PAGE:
Shell + Lisp = <3
SHCL is a shell written in Common Lisp. It tries to adhere to the POSIX standard as closely as it can. Unlike those new-fangled shells, SHCL doesn't try to strap new features onto the POSIX Shell language to fix it. SHCL isn't a whole new language. Its just plain-old POSIX Shell. That's right. POSIX Shell, just like 'ma used to make it... but with a single, small tweak: you have the full power of Common Lisp at your disposal at all times.
Let's say... for some bizarre reason, you find yourself needing to compute eiθ in your shell. Don't panic! Common Lisp has excellent support for complex numbers!
shcl> shcl-repl shcl (lisp)> (define-builtin euler (&required theta) > (let ((result (exp (complex 0 (read-from-string theta))))) > (format t "~4F~4@Fi~%" (realpart result) (imagpart result))) > 0) EULER shcl (lisp)> ^D shcl> euler 3.1415926 -1.0+0.0i
Phew. That was close. Wait... oh no! Due to a series of improbable events, you need to get the prime factorization of some number! Never fear! Common Lisp has a healthy community of packages you can call on!
shcl> shcl-repl shcl (lisp)> (load "~/quicklisp/setup.lisp") T shcl (lisp)> (ql:quickload :cl-factoring) To load "cl-factoring": Load 1 ASDF system: cl-factoring; Loading "cl-factoring" (CL-FACTORING) shcl (lisp)> ^D shcl> echo ,(cl-factoring:factor 142) (2 71)
Okay, yes, its extremely unlikely that you'd ever want to work with complex numbers or need to factor some numbers in a shell script. Still, feature creep is a real thing. One day your simple shell script might need to do something fancy like run queries against a Sqlite database or leverage an elaborate data structure like a bloom filter. Usually, when that day comes, people will tell you to re-write your script in a "real" language. With SHCL, your shell scripts can naturally grow and become full-fledged programs. You'll never need to re-write your shell scripts again!
Frequently asked questions
Where can I download it?
SHCL isn't stable enough for general use, yet. A lot of important features aren't done and it frequently drops into the debugger. If you're feeling adventurous, you can grab the source and try building it yourself.
Why Common Lisp? This actually could have been useful to me if you used <other language>.
Common Lisp's meta-programming facilities are second to none. Very few languages give the programmer the tools necessary to create something like SHCL. Sure, you can write a shell in any language, but SHCL's tight integration between POSIX Shell and Common Lisp is only possible with a language like Common Lisp.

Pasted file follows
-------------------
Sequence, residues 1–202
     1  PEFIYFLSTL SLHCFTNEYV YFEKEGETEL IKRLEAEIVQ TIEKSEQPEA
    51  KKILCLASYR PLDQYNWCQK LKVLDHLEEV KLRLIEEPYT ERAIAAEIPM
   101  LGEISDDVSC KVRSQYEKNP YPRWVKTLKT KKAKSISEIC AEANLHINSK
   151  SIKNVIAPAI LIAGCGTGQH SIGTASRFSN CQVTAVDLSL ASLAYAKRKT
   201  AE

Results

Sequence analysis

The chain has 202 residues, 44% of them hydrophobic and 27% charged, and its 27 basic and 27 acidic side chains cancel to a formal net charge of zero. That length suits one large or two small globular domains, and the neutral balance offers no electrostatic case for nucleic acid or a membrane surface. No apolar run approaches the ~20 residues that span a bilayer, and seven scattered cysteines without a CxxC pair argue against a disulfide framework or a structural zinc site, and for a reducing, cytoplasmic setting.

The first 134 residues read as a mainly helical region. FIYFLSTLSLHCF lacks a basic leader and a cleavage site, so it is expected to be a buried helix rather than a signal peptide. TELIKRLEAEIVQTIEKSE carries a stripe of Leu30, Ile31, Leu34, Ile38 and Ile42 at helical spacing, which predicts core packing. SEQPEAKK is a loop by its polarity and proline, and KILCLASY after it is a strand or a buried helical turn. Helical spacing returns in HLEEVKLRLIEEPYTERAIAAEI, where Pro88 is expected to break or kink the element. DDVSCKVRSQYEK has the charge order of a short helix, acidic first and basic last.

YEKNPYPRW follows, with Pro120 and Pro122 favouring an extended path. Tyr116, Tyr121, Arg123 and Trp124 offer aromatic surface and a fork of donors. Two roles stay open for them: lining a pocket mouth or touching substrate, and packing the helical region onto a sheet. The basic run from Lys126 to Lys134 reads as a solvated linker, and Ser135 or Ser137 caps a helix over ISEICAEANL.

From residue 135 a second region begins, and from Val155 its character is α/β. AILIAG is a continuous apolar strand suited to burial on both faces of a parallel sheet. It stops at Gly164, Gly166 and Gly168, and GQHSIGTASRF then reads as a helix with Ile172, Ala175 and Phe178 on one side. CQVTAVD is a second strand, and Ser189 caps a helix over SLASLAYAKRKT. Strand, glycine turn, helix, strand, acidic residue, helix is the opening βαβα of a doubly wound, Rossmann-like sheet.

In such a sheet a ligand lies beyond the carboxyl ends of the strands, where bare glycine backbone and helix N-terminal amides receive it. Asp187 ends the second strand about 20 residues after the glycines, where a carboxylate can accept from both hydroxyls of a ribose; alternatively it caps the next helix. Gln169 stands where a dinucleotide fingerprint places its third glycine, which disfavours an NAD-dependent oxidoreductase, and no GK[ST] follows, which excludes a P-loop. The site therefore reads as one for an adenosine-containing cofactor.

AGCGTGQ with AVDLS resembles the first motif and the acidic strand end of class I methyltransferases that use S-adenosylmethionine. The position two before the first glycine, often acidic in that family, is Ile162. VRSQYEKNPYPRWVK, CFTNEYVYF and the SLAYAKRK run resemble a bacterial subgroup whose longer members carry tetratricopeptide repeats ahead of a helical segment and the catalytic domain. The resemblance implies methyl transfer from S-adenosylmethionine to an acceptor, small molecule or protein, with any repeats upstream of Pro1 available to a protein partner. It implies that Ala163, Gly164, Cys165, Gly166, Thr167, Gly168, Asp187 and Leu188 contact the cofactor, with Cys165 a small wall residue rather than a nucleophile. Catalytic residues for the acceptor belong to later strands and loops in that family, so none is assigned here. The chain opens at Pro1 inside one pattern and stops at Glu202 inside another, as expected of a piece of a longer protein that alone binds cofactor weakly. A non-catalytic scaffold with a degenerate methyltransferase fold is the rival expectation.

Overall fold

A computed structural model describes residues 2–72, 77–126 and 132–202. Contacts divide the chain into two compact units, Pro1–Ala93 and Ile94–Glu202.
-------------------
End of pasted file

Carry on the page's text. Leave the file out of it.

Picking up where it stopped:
Also, SHCL started out as an educational experiment in reader macros. It was never intended to be useful... it just sort of happened.
Why not try to make the shell language better, like <other shell>?
SHCL isn't trying to be a new shell language. POSIX Shell is pretty close to the platonic ideal for simple process creation tasks. POSIX Shell only starts to fail when you try to use it for other things. Luckily, you don't need to use the shell language for everything! If you need fancy features like local variables, associative arrays, or structured data you should use Common Lisp. With SHCL, its trivial to expose a Common Lisp function to the shell. Use POSIX Shell for the things its suited for, and use Common Lisp for the heavy lifting.
Does it have tab complete?
Its a work in progress, but yes! Tab complete is a tricky proposition for SHCL. SHCL is designed to allow new syntax to be defined at runtime. You can change how the lexer or the parser works at any moment. The completion engine needs to adapt to those changes without skipping a beat. So, creating a tab complete engine for SHCL has proven to be pretty tricky. At the moment, SHCL's tab complete is rudimentary, but it seems like the foundation is strong. Expect to see massive improvements in this area in the future!
What's that about changing the syntax?
Common Lisp allows you to define new syntax. It only felt right that SHCL should, too! SHCL's parser uses PEG-style parser combinators, and every nonterminal and terminal in the grammar is represented using an "advisable" function (inspired by Emacs's advisable functions). You can easily add extensions to the grammar at any level! Similarly, most of the lexer's functionality is based on a generalization of Common Lisp's readtables. If you want to, you can add new entries to the dispatch table or replace existing ones. The sky's the limit!
For fun, of course!
How do you pronounce "SHCL"?
Pronounce it the same way you'd pronounce Shekel.
Which sexy person came up with such a weird and wonderful idea?
Ada did! She's pretty cool.
Is this project dead? It hasn't updated in, like, forever.
Its not dead! Ada has just had a bunch going on.